It is important to note at this stage that the Motivation, Strategy, and Process Models primarily deal with the semantic aspect of services with the Motivation Model defining the vision and the Strategy and Process Models elaborating such a definition in terms of services that will help in realizing that vision. The Strategy Model looks at it as a set of interconnecting business components where such interconnections are made possible using required and offered services and the Process Model looks at it as a set of activities inducing state transitions of business entities where such activities can be exposed as services for both business component inter-connection and intra-connections for creating end-to-end enterprise process flows that are flexible and can be dynamically choreographed based on process variations and even be re-choreographed driven by changes in the market or in the enterprise.
An important takeaway from this discussion is that though each business component is responsible for managing its own processes they need to offer services that enable end-to-end enterprise processes to be realized through interconnections of such business components.
An IT Model defines the structural aspects of IT systems which comprise software, hardware, and connection components and enables automation of specific business processes defined in the Process Model. It is important to note that not all processes in the enterprise need to be or can be automated. However, automated business processes, sub-processes, and tasks can be exposed as services with varying level of exposure scope to enable process choreography. In other words, the IT Model effectively creates a structural model of the IT system that implements business services using IT infrastructure. The IT Model not only needs to support the semantic aspect of the services discovered using the Strategy and Process Models but also needs to provide a standard and consistent representation of the service realization along with satisfying the operational expectations (Quality of Service). The representation (syntactic aspect) refers to the mechanisms needed to interact with a service realization, e.g., message formats, communication protocols, security etc. Quality of Service (QoS) refers to the operational aspect such as response time, throughput, availability, and reliability for the service realization. In other words, the service realization implements both the semantic and non-semantic aspects (representation and QoS) of a service. However, separation of concerns mandates that we separate the semantic and non-semantic aspects of a service into architecturally distinct layers; one that implements the semantic aspects of the service and the other that implements the non-semantic aspects.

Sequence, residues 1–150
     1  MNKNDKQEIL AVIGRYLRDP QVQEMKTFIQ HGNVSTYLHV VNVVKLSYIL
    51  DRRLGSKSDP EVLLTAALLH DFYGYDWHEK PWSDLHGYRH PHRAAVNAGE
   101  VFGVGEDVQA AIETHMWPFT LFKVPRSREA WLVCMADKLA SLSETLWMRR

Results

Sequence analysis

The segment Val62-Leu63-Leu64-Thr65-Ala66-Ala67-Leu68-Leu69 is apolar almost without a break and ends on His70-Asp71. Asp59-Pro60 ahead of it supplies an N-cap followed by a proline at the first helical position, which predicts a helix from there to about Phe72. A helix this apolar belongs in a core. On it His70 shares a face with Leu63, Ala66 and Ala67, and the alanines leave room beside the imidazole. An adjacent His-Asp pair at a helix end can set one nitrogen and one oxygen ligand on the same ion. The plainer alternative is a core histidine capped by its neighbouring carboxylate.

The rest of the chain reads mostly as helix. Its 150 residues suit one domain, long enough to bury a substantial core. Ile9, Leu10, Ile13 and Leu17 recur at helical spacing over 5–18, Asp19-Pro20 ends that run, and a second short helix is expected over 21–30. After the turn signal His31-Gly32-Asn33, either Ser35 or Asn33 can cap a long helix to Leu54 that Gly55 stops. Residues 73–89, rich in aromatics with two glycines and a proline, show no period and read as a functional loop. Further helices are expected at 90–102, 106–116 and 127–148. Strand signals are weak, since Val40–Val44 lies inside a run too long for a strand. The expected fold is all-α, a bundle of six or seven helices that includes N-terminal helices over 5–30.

The semantic aspects of a service can be implemented using process execution engines and other container technologies. The non-semantic aspects can be implemented using hardware and/or software components that implement the Enterprise Service Bus (ESB) pattern. It is important to note that the QoS aspect needs to be handled by both the ESB and the execution container, with the execution container exceeding some of the QoS requirements like performance (since the mediation performed by the ESB can only degrade the performance) and in some cases the ESB improving the provider’s availability by routing to an alternative execution container. However, from a governance perspective QoS is primarily the responsibility of the non-semantic layer (realized by an ESB) since it is this layer that is responsible for service exposure and thereby it’s specification of non-semantic aspects. Moreover, it has complete control of routing to the appropriate provider that can provide the expected quality of service. It is also important to note that several products support both the capabilities of an ESB and a process execution engine. Such products can be used to implement both the semantic and non-semantic aspects of the service but it is important to implement separate components for handling the semantic (orchestration) and non-semantic (mediation) aspects to retain separation of concerns. Realization decisions taken at this juncture should consider the trade offs carefully. Architects should evaluate whether using a certain capability of a product is prudent considering both semantic and non-semantic aspects of the IT Model. Consider a scenario where a software product may provide both the capabilities of an ESB and process execution engine, but an architect may choose not to use the ESB capabilities of the product and use an ESB hardware device instead. The motivation of the architect may be driven by the performance expected (response time and throughput) from an ESB which the software product may not be able to fulfill. However, the software product may easily satisfy the performance requirements and especially the semantic requirements expected from a process execution engine. This is often a typical scenario for most enterprises since though usage of an ESB is enterprise wide (may be a federated model) and hence widespread, usage of process execution engine is relatively low and is needed were the existing providers cannot satisfy the semantic requirements of a governed service by themselves. Hence services from existing providers may need to be orchestrated to create a new composite service and such orchestration can use the business process execution runtime capabilities of the software product.